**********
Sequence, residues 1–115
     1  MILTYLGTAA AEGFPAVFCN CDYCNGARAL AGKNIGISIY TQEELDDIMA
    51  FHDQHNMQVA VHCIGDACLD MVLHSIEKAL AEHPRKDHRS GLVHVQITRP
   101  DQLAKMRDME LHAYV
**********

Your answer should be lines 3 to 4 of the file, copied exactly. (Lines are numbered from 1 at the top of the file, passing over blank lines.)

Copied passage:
    51  FHDQHNMQVA VHCIGDACLD MVLHSIEKAL AEHPRKDHRS GLVHVQITRP
   101  DQLAKMRDME LHAYV